Barclays share price: Hidden £170m payment to trader revealed

on May 25, 2015
Updated: Oct 21, 2019

Barclays (LON:BARC) paid a star trader £170 million in the five years following the financial crisis, The Sunday Times yesterday revealed, citing court papers. Jonathan Hoffman, earned the vast sum at a time when banks were under pressure to reign in exorbitant bonuses in an effort to de-incentivise bankers away from the more risk averse behaviour that dominated financial sectors prior to the global economic meltdown.

Hoffman’s payment out-strips the £120 million paid to Barclays’ former chief executive Bob Diamond over a similar period and gives a rare insight into the hidden payments made to top performers at investment banks. Traders’ rewards are usually kept confidential, with only the salaries of top boardroom executives’ being publicly released.
The £170 million pay cheque was revealed during a court battle between Hoffman and the now-defunct Lehman Brothers over £53 million in unpaid bonuses. The trader worked for the US investment bank until it collapsed in 2008. The fact that Hoffman could continue to command pre-crises pay levels following the Lehman Brothers’ collapse is worrying, particularly in light of well publicised claims made from within the industry that there has been a cultural change in the financial sector towards the awarding of salaries and bonuses.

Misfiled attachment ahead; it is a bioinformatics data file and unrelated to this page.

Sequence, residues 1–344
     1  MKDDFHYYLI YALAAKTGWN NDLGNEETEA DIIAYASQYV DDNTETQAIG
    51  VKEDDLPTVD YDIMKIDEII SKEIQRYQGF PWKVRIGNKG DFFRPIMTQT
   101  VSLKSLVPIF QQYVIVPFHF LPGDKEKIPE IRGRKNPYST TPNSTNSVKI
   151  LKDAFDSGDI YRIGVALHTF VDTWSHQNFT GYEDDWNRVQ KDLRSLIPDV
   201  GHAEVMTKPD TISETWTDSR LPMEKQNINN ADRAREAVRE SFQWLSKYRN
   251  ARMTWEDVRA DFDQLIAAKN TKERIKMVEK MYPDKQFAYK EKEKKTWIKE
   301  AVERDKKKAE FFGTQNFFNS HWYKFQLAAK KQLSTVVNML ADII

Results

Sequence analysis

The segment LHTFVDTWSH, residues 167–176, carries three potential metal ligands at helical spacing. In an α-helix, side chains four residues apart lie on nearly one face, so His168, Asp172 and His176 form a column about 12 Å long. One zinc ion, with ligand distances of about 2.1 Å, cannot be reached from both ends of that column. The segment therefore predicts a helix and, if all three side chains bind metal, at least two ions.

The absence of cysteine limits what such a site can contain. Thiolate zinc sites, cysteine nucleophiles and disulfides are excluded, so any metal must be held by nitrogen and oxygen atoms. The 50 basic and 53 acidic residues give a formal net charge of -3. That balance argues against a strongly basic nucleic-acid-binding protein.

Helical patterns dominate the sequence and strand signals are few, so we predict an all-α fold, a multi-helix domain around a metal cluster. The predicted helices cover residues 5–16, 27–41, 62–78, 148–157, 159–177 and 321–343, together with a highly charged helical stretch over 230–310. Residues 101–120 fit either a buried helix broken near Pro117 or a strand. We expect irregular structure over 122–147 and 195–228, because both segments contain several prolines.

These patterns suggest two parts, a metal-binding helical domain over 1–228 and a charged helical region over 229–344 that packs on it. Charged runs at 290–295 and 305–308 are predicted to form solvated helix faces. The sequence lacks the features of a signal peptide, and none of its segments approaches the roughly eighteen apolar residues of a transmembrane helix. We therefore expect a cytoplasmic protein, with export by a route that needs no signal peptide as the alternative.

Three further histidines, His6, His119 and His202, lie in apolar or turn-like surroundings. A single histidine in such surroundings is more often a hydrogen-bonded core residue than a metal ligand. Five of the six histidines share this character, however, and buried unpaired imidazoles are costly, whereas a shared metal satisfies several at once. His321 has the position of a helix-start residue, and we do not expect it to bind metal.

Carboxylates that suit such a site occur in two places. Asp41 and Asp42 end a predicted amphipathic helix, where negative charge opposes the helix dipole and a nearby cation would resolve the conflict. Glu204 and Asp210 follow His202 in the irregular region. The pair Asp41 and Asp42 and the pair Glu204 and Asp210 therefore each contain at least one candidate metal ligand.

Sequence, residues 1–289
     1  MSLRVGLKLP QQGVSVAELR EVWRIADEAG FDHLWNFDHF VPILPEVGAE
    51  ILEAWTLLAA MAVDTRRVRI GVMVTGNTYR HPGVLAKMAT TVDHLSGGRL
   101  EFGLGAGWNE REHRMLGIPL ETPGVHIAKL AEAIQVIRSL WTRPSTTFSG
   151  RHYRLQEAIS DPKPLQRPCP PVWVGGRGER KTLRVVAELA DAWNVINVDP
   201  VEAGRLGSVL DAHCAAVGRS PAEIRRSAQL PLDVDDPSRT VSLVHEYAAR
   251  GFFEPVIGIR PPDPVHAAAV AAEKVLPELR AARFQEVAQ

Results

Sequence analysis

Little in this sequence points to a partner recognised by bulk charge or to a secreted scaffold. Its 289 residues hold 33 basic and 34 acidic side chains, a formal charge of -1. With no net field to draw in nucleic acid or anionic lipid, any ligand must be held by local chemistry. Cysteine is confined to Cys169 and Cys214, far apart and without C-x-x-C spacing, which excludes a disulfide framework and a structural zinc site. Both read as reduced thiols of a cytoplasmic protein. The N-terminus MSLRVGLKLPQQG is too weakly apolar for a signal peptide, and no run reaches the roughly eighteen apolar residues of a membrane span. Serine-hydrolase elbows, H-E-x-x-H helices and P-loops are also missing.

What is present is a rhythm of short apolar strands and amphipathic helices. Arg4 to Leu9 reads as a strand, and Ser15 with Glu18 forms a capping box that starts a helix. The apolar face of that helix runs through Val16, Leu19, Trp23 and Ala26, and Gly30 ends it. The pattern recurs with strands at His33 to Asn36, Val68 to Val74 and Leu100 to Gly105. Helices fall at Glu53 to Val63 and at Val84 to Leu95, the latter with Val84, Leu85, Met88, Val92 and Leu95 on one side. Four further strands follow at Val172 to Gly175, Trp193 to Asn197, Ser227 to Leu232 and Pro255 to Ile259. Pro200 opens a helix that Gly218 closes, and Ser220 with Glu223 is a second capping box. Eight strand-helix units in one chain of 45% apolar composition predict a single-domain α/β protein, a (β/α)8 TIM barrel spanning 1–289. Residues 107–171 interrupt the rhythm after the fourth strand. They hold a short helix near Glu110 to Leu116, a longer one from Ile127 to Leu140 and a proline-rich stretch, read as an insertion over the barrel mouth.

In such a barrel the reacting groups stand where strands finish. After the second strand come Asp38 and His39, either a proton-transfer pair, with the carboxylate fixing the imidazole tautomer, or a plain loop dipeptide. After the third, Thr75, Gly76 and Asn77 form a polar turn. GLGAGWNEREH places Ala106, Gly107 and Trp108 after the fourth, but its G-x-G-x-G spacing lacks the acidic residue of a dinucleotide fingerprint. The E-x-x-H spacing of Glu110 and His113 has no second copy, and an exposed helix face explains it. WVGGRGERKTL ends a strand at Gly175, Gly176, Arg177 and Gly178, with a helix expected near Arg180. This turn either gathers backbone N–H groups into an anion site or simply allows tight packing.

Lehman’s trustee, James W Giddens, has accused Hoffman of “double-dipping”, saying the payment from Barclays had already compensated him for the lost Lehman bonuses. However, Hoffman, who left Barclays in 2013, has argued his payment was related to the UK bank’s desire to secure his services of a high-rolling Lehman trader after buying out the group’s investment arm.
His lawyer Douglas Baumstein told the Guardian yesterday: “Hoffman was not paid for his Lehman bonus by Barclays. Rather, as the contemporaneous evidence shows, the payments made to Mr. Hoffman were retention payments, made to induce Mr. Hoffman to accept employment and to remain at Barclays for a period of years.” He added that his client had earned Barclays more than $1.25 billion. The London-listed lender declined to comment on the matter.
In separate Barclays news from the weekend, the bank has lost its highly respected and long-serving head of corporate broking, Alisdair Gayne, after he was poached by UBS. According to the Sunday Times, Gayne, who joined Barclays in 2010, quit the bank on Friday and is expected to be named chairman of UBS’s UK investment bank shortly. The newspaper noted that corporate broking is unique to Britain, with banks acting as unpaid advisers to companies in the hope of taking a fee for potential fundraisings or deal making.
As of 09:05 BST, Monday, 25 May, Barclays share price is 270.15p.

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